By Dana Zillgitt, Regular ContributorJuly 22, 2015
In Ethiopia, there are 9 million girls throughout the country. One in three of them can’t read. One in three don’t go or don’t have access to school. One in five say they don’t have any friends. And the most disheartening? Two in three believe wife beating can be justifiable. While these stats are concerning to say the least, I’m not worried. Because Yegna is taking over.
Wait, back up. What the heck is Yegna?
Yegna means “ours” in Amharic, one of the country’s 80 languages, and it’s a new brand targeting teenage girls in the form of a weekly radio broadcast that’s already taking the country by storm.
image via dailymail.co.uk
But how does it work? Nine million is a huge number and their goals of finally making girls a priority and tapping into that resource in their fullest potential are daunting, to say the least.
The group is made of five young women who each take on a specific persona and correlating story lines, such as self-confidence, self-care, dreams, sexual harassment, and more each week. Their weekly broadcast creates all this through real life stories, discussions, and even by writing their own songs, which, by the way, are insanely catchy with strong messages as well. Through all of this, they’re hoping to create awareness, increase self-confidence, as well as institutionalize a need for access to education for everyone.
But how many people does it reach? How many people actually tune in on a regular basis? Is it actually doing anything? Yegna knows that in order to create change for girls, they must make it relatable for everyone in the country. And it’s clear they’ve been doing this, because they have already reached at least 5 million people in 10,000 listening groups on a regular basis.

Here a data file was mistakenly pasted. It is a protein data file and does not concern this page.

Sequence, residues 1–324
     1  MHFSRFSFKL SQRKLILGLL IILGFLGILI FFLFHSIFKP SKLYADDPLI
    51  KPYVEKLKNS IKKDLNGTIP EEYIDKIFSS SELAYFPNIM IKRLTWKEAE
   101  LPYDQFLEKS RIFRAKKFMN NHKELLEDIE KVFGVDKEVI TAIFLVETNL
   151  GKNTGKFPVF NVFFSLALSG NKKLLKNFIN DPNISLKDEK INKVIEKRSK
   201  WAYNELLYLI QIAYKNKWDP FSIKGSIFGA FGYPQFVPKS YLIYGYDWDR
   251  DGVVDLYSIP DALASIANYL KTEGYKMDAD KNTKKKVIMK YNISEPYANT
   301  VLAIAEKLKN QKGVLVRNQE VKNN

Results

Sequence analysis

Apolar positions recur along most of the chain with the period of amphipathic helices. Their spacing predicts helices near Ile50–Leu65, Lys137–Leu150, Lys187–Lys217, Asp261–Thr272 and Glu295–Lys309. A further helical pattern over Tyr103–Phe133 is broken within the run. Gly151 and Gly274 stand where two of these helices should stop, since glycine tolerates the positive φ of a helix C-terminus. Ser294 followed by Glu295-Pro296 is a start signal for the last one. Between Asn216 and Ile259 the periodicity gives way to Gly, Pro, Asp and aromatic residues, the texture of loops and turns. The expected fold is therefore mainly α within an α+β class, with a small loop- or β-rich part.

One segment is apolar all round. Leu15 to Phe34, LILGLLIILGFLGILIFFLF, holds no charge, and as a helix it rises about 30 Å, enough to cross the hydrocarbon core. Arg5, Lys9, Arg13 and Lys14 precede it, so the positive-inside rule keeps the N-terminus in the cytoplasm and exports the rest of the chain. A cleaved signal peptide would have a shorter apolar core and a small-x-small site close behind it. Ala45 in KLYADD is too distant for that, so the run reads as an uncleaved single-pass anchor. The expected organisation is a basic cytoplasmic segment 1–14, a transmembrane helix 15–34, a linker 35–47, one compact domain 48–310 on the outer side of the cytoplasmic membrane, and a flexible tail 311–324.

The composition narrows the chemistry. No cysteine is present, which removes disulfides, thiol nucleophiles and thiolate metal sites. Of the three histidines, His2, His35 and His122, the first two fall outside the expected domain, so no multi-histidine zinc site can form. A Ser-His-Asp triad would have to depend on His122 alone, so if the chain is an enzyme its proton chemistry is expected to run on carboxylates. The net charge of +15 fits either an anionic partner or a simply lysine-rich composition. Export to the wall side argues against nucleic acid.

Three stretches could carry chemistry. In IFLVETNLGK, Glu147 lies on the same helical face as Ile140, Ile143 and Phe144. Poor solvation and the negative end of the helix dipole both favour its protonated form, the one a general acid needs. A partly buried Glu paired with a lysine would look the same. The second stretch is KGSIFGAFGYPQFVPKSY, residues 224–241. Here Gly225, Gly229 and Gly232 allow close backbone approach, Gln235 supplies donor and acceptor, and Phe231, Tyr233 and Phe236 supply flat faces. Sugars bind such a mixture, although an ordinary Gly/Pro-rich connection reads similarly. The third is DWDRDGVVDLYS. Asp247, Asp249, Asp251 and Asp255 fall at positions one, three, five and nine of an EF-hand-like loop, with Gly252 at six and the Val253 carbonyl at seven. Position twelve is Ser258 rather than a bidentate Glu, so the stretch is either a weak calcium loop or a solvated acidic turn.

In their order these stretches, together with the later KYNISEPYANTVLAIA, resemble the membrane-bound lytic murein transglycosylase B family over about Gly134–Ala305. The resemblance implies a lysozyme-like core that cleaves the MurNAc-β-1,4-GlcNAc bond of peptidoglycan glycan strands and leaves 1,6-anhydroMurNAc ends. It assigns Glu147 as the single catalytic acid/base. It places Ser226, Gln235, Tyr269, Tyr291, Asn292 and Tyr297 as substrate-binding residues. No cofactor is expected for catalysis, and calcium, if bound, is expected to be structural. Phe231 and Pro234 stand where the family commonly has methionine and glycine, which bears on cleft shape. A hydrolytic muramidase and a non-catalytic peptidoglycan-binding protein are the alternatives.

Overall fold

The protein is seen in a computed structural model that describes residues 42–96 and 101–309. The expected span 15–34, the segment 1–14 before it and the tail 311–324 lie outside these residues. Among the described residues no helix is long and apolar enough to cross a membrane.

And a huge has said that it has already altered the way they not only view the women in their community but in their own lives as well.
So where do we go from here? Is Yegna sustainable? Since its inception in 2013, their numbers are continually growing in record time. Parents are having conversations with their children, young men are changing the ways they view and treat women, and Yegna is a great example of the little things creating a bigger change. It’s the first of its kind in the country. While the kind of change they’re looking to create won’t happen overnight nor at the rate anybody would like, they’re making big steps for women everywhere. I can’t wait for Yegna to reach 10 million listeners and create more similar brands throughout the region. It’s an exciting thing to be keeping an eye on.
Have you heard of Yegna? How can we continue their work in our communities? How can we begin to discuss these issues everywhere? Tell us below!